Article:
In my mind, spacer GIFs, which are transparent 1x1-pixel images that some Web designers use to achieve precise positioning of elements on their pages, are a severe bastardization of what HTML was intended to be. Images are meant to add pictures and graphics to your Web pages -- not to push your text over 155 pixels to the right, to set up an adequate margin. (That's what style sheet properties are for.)
But aside from that argument, spacer GIFs have a terrible effect on text-only browsers. (This is Mark Pilgrim's main point.) Since a text-only browser can't display images, it displays the ALT (alternate) text for images in their place. Thus, a page with lots of spacers might look like this in a text-only browser:
[spacer][spacer][logo]The Anytown Daily News
Not pretty. If the above example had used blank ALT attributes, all of those annoying [spacer]s wouldn't have shown up.
I examined the code of several large newspaper Web site home pages to see how rampant spacer GIFs were. Here's the bad news:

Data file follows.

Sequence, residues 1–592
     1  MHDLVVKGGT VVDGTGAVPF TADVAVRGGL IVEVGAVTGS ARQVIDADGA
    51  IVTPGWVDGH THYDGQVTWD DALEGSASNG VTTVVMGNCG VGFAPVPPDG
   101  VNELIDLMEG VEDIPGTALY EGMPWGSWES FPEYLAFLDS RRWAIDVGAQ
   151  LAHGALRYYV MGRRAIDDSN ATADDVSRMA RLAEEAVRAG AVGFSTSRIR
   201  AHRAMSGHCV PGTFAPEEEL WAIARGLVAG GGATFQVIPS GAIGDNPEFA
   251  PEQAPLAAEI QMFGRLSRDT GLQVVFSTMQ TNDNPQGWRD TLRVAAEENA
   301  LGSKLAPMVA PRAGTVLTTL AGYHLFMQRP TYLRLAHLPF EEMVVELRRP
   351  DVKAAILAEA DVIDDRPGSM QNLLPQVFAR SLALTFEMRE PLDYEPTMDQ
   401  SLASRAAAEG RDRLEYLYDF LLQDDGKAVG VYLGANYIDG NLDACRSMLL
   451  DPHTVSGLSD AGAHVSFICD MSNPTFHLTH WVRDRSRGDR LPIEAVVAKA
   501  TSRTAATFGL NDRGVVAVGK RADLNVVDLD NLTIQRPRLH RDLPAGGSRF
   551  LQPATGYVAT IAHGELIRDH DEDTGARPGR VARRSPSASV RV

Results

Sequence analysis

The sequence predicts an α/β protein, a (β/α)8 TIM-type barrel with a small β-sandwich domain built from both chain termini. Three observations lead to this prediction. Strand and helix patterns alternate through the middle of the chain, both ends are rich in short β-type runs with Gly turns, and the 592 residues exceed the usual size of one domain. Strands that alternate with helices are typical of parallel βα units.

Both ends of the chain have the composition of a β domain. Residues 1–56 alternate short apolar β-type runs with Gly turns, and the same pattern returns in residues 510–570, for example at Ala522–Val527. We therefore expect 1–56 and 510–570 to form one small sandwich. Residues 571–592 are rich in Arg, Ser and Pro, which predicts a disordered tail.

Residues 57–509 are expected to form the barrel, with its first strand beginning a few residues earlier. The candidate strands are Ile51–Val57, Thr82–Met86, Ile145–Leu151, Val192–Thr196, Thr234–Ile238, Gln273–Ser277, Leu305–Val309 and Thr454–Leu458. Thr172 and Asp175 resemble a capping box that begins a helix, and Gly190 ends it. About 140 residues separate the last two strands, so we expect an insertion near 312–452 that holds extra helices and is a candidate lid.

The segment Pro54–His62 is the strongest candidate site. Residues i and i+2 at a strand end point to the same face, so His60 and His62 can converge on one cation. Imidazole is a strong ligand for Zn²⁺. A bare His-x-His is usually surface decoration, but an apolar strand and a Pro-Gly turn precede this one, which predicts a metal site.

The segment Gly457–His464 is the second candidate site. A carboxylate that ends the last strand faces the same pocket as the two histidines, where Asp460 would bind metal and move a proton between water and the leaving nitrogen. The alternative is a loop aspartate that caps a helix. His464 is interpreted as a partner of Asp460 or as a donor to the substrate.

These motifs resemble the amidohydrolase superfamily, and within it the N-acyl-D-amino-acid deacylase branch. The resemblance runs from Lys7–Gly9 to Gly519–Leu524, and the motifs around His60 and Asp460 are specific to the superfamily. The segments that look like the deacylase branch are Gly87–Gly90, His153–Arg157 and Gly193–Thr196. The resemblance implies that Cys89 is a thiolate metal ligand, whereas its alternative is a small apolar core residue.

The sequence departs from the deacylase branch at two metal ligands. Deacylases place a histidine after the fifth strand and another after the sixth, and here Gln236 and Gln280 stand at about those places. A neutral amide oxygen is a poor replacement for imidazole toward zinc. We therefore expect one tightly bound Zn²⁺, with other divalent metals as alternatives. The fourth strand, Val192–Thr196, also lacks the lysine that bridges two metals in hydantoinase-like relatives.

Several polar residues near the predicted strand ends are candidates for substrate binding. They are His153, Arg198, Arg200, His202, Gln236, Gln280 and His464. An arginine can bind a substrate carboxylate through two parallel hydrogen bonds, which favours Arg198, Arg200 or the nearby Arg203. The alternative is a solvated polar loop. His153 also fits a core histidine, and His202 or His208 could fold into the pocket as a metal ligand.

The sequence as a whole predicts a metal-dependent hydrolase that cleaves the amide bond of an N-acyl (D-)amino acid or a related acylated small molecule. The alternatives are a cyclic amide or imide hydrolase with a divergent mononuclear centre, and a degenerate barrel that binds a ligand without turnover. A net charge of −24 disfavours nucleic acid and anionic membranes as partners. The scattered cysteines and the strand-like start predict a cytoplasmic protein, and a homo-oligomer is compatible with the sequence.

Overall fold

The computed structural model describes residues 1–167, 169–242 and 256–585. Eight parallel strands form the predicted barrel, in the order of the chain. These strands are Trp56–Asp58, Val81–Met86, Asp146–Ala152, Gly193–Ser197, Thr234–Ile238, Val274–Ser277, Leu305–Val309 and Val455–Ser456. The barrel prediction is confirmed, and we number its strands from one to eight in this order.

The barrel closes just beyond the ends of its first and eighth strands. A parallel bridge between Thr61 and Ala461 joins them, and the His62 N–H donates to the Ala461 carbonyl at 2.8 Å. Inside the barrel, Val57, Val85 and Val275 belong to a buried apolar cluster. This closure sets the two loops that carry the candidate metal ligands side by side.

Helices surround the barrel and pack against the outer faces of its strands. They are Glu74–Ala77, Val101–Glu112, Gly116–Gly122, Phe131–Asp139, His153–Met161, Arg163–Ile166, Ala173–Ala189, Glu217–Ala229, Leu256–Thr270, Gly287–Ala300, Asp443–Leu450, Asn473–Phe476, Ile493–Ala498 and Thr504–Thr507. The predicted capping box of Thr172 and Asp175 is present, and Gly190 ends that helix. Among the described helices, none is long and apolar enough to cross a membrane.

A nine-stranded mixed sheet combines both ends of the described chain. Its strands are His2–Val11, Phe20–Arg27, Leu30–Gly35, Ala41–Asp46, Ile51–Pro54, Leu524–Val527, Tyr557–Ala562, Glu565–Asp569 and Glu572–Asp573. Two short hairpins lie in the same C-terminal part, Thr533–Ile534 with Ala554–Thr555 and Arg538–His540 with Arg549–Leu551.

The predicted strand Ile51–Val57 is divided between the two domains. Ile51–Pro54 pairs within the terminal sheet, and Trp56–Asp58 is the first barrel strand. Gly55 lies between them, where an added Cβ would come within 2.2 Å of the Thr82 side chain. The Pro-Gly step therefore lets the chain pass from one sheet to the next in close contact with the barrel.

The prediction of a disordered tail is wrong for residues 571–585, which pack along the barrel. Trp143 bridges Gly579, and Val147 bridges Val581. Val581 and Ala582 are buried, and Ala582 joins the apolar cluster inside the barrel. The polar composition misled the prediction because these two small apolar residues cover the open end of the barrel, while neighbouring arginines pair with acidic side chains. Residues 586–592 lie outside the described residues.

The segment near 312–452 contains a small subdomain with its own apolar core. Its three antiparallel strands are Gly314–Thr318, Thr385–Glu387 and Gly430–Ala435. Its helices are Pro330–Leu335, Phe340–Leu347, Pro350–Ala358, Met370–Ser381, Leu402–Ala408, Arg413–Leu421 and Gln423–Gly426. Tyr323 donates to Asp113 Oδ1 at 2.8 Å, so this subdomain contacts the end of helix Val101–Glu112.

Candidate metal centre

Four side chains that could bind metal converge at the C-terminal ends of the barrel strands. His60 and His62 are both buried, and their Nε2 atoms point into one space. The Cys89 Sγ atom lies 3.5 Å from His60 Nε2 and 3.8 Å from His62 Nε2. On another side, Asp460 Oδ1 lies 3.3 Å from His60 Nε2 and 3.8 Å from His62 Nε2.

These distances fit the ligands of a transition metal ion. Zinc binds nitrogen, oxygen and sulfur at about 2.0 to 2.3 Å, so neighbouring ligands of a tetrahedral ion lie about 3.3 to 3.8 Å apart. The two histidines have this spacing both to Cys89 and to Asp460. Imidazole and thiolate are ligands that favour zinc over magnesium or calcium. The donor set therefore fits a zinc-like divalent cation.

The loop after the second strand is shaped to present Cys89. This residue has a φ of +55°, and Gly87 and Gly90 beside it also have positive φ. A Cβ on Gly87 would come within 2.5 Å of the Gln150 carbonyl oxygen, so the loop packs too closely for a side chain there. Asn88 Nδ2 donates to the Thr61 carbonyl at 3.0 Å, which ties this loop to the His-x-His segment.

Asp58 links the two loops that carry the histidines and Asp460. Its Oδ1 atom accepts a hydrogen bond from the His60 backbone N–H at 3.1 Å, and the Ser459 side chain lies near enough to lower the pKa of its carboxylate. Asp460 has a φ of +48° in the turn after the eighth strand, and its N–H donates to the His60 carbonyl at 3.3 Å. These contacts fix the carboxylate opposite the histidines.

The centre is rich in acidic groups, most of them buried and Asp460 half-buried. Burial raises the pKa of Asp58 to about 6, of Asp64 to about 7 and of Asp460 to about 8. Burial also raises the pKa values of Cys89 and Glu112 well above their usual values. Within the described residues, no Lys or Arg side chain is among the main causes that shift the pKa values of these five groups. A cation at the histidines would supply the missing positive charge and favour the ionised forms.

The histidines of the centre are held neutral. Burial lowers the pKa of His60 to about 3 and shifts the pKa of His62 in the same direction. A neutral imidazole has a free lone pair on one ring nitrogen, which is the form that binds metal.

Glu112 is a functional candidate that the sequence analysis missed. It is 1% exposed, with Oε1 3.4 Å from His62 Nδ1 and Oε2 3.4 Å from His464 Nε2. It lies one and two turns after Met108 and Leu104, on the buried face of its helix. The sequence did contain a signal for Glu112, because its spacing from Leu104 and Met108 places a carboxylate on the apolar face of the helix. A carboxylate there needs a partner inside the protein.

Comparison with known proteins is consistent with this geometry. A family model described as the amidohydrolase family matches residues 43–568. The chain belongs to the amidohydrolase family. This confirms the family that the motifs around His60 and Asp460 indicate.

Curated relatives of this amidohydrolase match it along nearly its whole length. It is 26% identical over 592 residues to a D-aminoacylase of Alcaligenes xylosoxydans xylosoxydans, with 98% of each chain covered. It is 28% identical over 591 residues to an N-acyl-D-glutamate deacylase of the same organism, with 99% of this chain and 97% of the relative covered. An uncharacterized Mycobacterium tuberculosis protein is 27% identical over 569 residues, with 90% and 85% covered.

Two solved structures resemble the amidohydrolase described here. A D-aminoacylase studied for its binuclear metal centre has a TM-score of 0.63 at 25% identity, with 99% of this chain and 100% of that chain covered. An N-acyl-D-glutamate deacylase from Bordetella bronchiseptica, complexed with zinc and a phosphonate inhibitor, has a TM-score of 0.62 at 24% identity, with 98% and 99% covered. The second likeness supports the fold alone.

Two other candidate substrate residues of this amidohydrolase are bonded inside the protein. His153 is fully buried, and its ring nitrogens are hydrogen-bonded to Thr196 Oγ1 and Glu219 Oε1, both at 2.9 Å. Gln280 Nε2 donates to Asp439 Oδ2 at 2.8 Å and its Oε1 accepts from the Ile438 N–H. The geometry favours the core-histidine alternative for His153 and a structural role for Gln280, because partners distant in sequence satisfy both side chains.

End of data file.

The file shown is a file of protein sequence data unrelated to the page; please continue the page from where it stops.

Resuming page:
nytimes.com used 103 spacer GIFs, all without ALT attributes. I visited their site with a text-only browser and was met with an ugly sea of [spacer]s. It's clear that text-only browsers are not welcome at The New York Times.
washingtonpost.com used 36 spacer GIFs -- significantly fewer than the Times, but worse, for the following reason: Each spacer image was specifically designated as ALT="spacer". If they cleared these ALT values, they'd make their pages look a lot cleaner in text-only browsers, and cut their home page's load time.
cnn.com used 48 spacers, but they got it right -- each one had ALT="". Nice.
latimes.com used 0 spacers. Instead, their spacing needs were handled by style sheets. Outstanding. CORRECTION: Style sheets handle a part of their spacing needs, but Todd pointed out that the page does indeed use spacers -- 87, in fact. Some have ALTs, some don't.
usatoday.com used 94 spacers. Like nytimes.com, none of them had an ALT attribute. Poor.
chicagotribune.com used 86 spacers. These were all over the map. Some had ALT="", others had ALT="spacer", and still others had no ALT attribute at all.